by Detlef Glow.
In terms of the estimated net sales for 2015, mixed-asset funds were—for the first time since Lipper has run this statistic—the best selling asset type in Europe. As was to be expected, this led to an increase in the assets under management of mixed-asset products registered for sale in Europe, up from €1,150.2 billion to €1,360.2 billion over the course of the year. This increase of €210.0 billion was driven mainly by the performance of the funds, which contributed €114.5 billion, while net sales contributed €95.5 billion to the overall growth in the assets under management. With regard to the fund flow pattern for 2015 it was surprising that only two of ten largest products by assets under management were among the ten best selling mixed-asset funds in Europe.
Why are mixed-asset products so popular with European investors at the moment?
One reason for the popularity of mixed-/multi-asset products is definitely the market environment. High volatility in the stock markets and the low-interest-rate environment force investors to search for new sources of return—having a rather balanced or defensive risk/return profile—that suit their needs.
Does the chase for yield impact the fund selection process?
If the fund selection process were focused on returns only, European investors would buy the funds that have the best results over a given period. To find some evidence of the factors that impact the fund selection process in the mixed-asset segment, Thomson Reuters Lipper has compiled a five-year analysis that includes all primary share classes registered for sale in at least one European country. If the performance of the fund is the driver for the buy decision, all top-selling funds should be at the top of the performance table.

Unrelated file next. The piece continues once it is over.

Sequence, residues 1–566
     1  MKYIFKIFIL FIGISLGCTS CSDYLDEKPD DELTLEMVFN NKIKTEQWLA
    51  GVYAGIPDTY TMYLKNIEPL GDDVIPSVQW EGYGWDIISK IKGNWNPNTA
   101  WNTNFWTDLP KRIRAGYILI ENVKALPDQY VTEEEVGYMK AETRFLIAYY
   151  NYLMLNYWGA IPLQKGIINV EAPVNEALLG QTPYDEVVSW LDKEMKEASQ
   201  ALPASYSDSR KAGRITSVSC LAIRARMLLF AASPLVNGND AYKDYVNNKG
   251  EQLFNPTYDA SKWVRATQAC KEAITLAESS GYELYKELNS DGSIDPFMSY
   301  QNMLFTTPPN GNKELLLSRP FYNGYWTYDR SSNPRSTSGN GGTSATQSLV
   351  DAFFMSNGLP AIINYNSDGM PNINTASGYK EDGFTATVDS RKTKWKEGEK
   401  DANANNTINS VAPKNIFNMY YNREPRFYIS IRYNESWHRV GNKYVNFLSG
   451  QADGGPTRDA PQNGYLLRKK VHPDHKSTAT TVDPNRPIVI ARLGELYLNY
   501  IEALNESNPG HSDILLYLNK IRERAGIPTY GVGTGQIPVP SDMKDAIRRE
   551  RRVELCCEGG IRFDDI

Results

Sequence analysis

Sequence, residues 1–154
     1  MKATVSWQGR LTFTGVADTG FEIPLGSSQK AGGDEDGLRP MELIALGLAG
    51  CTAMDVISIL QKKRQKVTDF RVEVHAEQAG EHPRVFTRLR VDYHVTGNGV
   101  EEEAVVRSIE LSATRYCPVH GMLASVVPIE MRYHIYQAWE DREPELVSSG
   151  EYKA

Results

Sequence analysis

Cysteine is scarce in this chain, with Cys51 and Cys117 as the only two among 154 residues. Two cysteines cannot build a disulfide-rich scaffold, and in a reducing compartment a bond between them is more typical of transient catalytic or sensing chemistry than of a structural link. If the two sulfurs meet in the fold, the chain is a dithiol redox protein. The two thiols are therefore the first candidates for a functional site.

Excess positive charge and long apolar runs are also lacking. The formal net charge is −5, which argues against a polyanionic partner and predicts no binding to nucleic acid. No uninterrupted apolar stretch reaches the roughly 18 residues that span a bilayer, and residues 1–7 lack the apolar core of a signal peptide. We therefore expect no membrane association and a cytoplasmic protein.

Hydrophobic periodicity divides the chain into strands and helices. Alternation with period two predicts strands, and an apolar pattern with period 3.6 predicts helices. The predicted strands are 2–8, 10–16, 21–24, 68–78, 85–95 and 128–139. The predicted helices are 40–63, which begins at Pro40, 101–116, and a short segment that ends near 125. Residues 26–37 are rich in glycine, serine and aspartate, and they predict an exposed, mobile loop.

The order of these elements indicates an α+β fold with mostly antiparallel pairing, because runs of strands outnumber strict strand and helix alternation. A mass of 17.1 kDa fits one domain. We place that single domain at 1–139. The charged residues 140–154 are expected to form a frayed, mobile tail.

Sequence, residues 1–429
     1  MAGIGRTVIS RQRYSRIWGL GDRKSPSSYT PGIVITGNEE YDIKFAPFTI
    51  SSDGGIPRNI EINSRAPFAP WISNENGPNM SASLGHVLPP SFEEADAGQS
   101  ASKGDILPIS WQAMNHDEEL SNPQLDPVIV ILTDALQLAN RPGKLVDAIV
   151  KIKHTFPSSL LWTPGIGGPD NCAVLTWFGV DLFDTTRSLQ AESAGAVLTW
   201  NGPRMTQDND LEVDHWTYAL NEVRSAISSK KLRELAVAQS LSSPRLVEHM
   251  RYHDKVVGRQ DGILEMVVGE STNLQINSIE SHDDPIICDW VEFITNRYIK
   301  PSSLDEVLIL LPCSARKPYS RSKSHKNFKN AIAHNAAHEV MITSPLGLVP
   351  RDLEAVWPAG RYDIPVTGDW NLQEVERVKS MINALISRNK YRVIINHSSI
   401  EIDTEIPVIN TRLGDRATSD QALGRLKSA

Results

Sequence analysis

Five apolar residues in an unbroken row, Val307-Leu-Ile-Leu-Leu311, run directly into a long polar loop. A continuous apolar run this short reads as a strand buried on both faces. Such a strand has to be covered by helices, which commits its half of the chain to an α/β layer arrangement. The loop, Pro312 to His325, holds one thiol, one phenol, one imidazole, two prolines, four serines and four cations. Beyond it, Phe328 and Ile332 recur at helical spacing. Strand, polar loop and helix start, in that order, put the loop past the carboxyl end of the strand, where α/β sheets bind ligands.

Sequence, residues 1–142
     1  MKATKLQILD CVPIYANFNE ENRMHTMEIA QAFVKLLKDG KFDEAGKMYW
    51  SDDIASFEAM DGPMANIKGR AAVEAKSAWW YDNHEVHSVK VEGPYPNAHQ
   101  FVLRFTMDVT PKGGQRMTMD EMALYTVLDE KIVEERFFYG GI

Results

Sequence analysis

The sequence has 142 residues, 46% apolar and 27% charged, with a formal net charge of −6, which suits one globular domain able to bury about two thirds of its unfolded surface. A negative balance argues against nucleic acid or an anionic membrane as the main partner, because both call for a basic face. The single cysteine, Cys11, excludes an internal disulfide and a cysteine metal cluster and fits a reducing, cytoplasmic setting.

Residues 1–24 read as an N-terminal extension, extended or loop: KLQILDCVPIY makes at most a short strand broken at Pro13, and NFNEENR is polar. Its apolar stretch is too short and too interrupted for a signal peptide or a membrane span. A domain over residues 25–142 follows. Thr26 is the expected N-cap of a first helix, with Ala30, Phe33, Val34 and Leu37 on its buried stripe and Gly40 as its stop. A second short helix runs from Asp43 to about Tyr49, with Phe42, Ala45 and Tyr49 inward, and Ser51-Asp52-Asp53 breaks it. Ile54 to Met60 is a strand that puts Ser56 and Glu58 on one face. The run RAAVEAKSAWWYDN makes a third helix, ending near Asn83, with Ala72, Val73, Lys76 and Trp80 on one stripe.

Looking at the performance from January 1, 2011, to December 31, 2015, it is quite surprising to see only one of the ten best selling funds in the mixed-asset category (at Number 78) in the hundred best performing funds over this period. In other words, it seems to be that performance is not the driver behind the—in some cases—exceptionally high inflows into these funds.
Is realized risk the main criterion for fund selectors?
Since realized risk is an important criterion for a fund selector looking for a fund that suits a given portfolio, it is worthwhile to analyze how the best selling funds are positioned with regard to maximum drawdown. We analyzed the maximum drawdown over the five-year period from January 1, 2011, to December 31, 2015. The analysis of this measure shows risk, at least measured by maximum drawdown, is also not the main driver of flows, since the fund from the list of the ten best selling mixed-asset funds with the lowest maximum drawdown placed at Number 263; i.e., 262 funds had a lower maximum drawdown over the period.
The comparisons above only show that investor decisions are not driven mainly by returns (greed) or by fear; the comparisons don’t explain why investors buy these funds especially. To find out more about the reasons, one needs to split up the funds into their respective peer groups, since that enables an apple-to-apples comparison. Educated investors would do that anyway, especially if they take their individual risk profile into account. Such a comparison shows that some of the best selling mixed-/multi-asset funds were able to generate track records with an above average risk/return profile, according to the Lipper Leaders for Consistent Return measure. But what if in other cases there are some top-selling funds that are not in the top spot in their respective peer groups either? This raises the question of why investors do buy these funds.
Other factors that may drive fund selection decisions
From my point of view some fund promoters do an exceptional job of marketing their funds to investors. That is, the promoters are willing and able to explain their investment philosophy and their investment approach in detail to investors so they can make an educated decision as to whether the product fits their needs.
But this may cause some trouble for investors and fund managers in the future. Even though some funds faced and obviously survived the euro-crisis of 2011, a number of these funds weren’t launched before 2008. That means the fund managers haven’t faced a global crisis in the financial markets and therefore can’t prove if and how their investment approach and risk management system would work in this kind of environment. Investors would need to trust the described process and hope the fund manager can deliver the expected results.
The views expressed are the views of the author, not necessarily those of Thomson Reuters.